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Of nature to perfection half divine Expand the blooming soul. What pity than Should sloth's unkindly fogs depress to earth Her tender blossom, choak the streams of life, And blast her spring! Far otherwise design'd Almighty wisdom; nature's happy cares Th' obedient heart far otherwise incline, Witness the sprightly joy when ought unknown Strikes the quick sense, and wakes each active pow'r To brisker measures : witness the neglect Of all familiar prospects, tho' beheld With transport once ; the fond attentive gaze Of young astonishment; the sober zeal of age, commenting on prodigious things. For such the bounteous providence of Heav'n, luu every breast implanting this desire Of objects new and strange, to urge us on With unremitted labour to pursue Those sacred stores that wait the ripening soul, In truth's exhaustless bosom. What need words To paint its pow'r ? For this, the daring youth Breaks froin his weeping mother's anxious arms, In foreigu climes to rove; the pensive sage, Heedless of sleep, or midnight's harmful damp, Hangs o'er the sickly taper; and untir'd The virgin follows, with enchanted step, The mazes of some wise and wondrous tale, From morn to eve; unmindful of her form, Unmindful of the happy dress that stole The wishes of the youth, when every maid With envy pin'd. Hence finally by night The village matron, round the blazing heart, Suspends the infant-audiance with her tales, Breathing astonishment! of witching rhimes, And evil spirits ; of the death-bed call Of him who robb’d the widow, and devour'd The orphan's portion; of unquiet souls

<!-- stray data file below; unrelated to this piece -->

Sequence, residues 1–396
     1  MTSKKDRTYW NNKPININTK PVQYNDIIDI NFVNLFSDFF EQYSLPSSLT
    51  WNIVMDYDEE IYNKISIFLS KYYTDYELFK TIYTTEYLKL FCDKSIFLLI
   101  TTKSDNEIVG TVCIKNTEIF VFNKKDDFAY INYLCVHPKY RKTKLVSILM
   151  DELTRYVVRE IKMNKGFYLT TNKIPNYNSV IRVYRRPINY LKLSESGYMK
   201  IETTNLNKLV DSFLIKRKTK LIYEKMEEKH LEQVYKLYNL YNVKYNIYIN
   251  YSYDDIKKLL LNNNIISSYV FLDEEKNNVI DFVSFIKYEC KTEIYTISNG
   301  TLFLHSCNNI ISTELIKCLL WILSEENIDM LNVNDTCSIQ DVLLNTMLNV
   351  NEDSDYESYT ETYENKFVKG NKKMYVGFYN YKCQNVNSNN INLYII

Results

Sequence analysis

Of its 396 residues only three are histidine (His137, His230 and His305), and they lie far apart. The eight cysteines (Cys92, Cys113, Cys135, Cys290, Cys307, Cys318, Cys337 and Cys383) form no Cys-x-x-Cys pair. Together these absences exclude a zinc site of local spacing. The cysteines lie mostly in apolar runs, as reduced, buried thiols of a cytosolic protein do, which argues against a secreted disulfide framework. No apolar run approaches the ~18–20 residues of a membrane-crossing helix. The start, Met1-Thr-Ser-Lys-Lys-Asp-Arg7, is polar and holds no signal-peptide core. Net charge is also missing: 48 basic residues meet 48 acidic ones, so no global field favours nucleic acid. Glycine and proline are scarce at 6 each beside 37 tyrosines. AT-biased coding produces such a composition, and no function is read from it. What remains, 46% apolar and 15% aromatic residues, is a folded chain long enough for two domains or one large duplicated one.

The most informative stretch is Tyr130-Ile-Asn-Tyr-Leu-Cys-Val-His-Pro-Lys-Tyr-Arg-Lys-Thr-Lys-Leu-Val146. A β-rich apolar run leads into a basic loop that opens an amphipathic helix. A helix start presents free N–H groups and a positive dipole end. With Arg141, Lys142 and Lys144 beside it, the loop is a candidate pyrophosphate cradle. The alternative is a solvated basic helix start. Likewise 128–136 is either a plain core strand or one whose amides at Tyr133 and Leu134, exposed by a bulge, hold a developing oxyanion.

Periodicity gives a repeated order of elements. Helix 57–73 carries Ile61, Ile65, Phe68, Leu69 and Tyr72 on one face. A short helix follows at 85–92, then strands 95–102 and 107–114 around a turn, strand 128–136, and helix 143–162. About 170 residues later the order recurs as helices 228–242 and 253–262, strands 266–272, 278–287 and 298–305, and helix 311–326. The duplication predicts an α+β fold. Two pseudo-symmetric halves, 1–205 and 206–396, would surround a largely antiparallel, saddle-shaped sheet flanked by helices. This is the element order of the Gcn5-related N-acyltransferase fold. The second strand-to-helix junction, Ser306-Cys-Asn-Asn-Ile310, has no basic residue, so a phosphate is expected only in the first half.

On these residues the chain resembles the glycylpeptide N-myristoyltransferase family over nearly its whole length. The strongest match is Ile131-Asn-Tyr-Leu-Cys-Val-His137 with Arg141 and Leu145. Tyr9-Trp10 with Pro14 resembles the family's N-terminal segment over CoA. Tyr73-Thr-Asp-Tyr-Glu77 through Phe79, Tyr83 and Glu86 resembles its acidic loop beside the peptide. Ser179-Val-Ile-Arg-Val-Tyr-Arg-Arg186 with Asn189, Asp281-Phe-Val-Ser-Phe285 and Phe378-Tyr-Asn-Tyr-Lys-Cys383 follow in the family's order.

Ris'n from the grave to ease the heavy guilt
WHEN erst contagion with mephitic breath
No sun-beam enters, and no zephyr blows,
- The spirits of the good, who bend from high
THE rose had been wash'd, just wash'd in a shower,
Which Mary to Anna convey'd,
And weigh'd down its beautiful head.
The cup was all till’d, and the leaves were all wet,
And it seem'd, to a fanciful view,
On the flourishing bush where it grew.
I hastily seiz'd it, unfit as it was
For a nosegay, so dripping and drown'd, And swinging it rudely, too rudely, alas !
I snapp'd it-it fell to the ground.
And such, I exclaim’d, is the pitiless part
Some act by the delicate mind,
Already to sorrow resign'd.
This elegant rose, had I shaken it less,
Might have bloom'd with its owner awhile ; And the tear that is wip'd with a little address, May be follow'd perhaps by a smile.
THE POET'S NEW-YEAR'S GIFT.
TO MRS. THROCKMORTON.
MARIA ! I have ev'ry good
For thee wish'd many a tine,
But never yet in rhime.
To wish thee fairer is no need,
More prudent, or more sprightly,
From temper-flaws unsightly.
What favour, then, not yet possess’d,
Can I for thee require,
To thy whole heart's desire ?
None here is happy but in part;
Full bliss is bliss divine ;
And doubtless one in thine.
That wish on some fair future day
Which fate shall brightly gild, (Tis blameless, be it what it may)
I wish it all fulfill'd.
ODE TO APOLLO.
ON AN INK-GLASS ALMOST DRY'D IN THE SUN.
PATRON of all those luckless brains,
That, to the wiong side leaning, Indite much metre with much pains,
And little or no meaning ;
Ah why, since oceans, rivers, streams,
That water all the nations, Pay tribute to thy glorious beams,
In constant exhalations.
Why, stooping from the noon of day,
Too covetous of drink, Apollo, hast thou stol'n away
A poet's drop of ink ?
Upborn into the viewless air
It floats a vapour now,
By all the winds that blow,